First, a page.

Responding to a barrage of criticism, city officials gave a reprieve today to a homeless meal program that feeds hundreds of people a week under the downtown freeway.
Officials will no longer force Operation Sack Lunch (OSL) to move to an indoor location by February 29—a move the project's leaders had insisted would shut them down—and have instead given the program six-months to find a new location with indoor and outdoor components. "We had gotten feedback from the community and we wanted to take that feedback into consideration, so we thought it was necessary to do the six months," says Danette Smith, director of the Seattle Human Services Department.
The decision—both to boot OSL from the freeway and the extend the timeline—came from Smith, who had reportedly described the current conditions under the freeway as "undignified, inhumane, and disrespectful," according to Operation Sack Lunch's website.
"I used those terms to describe how I felt at times in my own personal journey and the way other people may feel," Smith explained today. "I just ask that we be mindful of the impact it has on the people receiving the services."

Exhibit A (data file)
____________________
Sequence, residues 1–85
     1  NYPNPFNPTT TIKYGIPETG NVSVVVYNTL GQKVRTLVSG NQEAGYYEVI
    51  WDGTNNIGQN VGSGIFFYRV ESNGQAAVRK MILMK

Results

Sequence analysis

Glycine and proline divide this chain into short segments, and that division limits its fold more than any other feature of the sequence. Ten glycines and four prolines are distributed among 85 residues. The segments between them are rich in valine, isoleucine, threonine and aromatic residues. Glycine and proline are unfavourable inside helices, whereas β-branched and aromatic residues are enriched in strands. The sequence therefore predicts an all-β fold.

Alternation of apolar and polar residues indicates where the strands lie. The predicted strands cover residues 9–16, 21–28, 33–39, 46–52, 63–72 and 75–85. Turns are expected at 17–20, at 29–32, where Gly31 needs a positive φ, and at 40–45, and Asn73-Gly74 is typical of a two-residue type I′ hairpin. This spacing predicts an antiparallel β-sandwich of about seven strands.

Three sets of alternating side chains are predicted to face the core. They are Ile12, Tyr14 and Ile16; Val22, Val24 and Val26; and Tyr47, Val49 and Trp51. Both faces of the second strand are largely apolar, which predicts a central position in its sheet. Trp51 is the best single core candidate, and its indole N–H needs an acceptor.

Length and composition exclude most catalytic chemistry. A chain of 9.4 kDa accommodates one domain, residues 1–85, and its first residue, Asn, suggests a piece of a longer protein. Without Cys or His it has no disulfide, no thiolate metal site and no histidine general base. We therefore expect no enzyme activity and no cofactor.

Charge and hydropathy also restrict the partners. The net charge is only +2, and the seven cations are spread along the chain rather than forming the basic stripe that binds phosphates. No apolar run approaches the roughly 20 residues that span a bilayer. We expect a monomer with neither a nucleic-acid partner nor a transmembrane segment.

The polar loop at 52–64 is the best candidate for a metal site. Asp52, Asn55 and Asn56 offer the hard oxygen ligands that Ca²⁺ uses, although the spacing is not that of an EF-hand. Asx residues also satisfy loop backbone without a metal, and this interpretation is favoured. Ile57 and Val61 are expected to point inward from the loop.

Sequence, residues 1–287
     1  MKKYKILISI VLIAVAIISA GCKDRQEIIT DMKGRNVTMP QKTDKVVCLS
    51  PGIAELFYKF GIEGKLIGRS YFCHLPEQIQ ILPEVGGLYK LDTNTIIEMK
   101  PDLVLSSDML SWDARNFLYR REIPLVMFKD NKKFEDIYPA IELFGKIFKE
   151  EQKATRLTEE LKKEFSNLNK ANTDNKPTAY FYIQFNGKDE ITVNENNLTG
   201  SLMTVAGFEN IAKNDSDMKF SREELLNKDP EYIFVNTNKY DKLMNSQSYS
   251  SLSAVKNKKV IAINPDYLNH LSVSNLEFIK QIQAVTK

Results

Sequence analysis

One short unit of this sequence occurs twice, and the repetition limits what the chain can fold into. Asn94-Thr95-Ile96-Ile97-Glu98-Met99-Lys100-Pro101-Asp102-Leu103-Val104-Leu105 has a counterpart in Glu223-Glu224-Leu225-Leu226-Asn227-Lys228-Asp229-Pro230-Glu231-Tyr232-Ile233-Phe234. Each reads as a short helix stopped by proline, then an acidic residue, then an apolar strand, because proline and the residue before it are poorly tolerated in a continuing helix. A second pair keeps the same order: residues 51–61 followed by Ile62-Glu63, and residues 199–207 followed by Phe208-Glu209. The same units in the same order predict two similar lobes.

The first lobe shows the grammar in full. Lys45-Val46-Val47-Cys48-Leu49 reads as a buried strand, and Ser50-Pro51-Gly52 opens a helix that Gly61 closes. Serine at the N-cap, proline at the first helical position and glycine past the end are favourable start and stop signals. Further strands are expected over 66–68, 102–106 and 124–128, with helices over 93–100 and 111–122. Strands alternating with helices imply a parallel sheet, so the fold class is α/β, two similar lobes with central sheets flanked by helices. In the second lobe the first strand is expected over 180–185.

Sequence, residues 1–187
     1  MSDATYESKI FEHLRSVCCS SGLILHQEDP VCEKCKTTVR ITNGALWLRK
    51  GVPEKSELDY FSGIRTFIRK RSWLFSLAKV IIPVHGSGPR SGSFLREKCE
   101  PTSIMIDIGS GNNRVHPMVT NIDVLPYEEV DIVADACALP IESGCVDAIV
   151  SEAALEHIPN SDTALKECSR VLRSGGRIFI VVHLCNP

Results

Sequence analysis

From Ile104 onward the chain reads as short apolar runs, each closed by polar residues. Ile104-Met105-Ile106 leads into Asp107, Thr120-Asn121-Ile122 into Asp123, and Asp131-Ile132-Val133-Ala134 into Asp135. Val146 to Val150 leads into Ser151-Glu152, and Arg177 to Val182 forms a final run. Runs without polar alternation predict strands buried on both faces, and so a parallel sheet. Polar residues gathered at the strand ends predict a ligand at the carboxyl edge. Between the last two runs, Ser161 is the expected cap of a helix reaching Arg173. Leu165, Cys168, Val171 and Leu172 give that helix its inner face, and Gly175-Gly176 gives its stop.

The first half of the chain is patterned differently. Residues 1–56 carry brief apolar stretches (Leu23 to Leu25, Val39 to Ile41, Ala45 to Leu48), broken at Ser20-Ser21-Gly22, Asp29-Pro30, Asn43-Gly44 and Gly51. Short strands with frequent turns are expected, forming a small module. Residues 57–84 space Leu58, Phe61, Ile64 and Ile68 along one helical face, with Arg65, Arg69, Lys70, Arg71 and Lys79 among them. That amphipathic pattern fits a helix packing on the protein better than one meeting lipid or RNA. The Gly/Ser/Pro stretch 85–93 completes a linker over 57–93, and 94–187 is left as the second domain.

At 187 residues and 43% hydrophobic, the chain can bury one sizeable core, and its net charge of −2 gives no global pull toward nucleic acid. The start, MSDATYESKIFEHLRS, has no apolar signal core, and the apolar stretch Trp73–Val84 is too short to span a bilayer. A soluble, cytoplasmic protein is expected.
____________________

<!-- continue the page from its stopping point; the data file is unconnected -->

Funded by the city since 2007, Operation Sack Lunch has operated under I-5 at Cherry Street since 2007. It serves roughly 3,000 meals per week at an annual cost to the city of of $132,000. Beverly Graham, the director of OSL, couldn't immediately be reached for comment this afternoon.
Instead of keeping OSL at its current location, Smith, who took her post in Seattle 18 months ago after moving from Atlanta, believes an indoor location would better connect meal recipients with social services. However, Seattle City Council member Nick Licata's office described a compromise in an email to constituents this afternoon. It would allow a task force identify a location with "a centralized kitchen concept that would have an indoor and outdoor component." This would allow those who don't want to go indoors for meals—and don't necessarily want to face social service workers—to grab their food outside.
"It was never our intent to shut that program down," said Smith said at the end of our conversation. "Since the beginning, the goal was to keep them in the fold with us." (Read more from Smith in a post on Mayor Mike McGinn's blog.)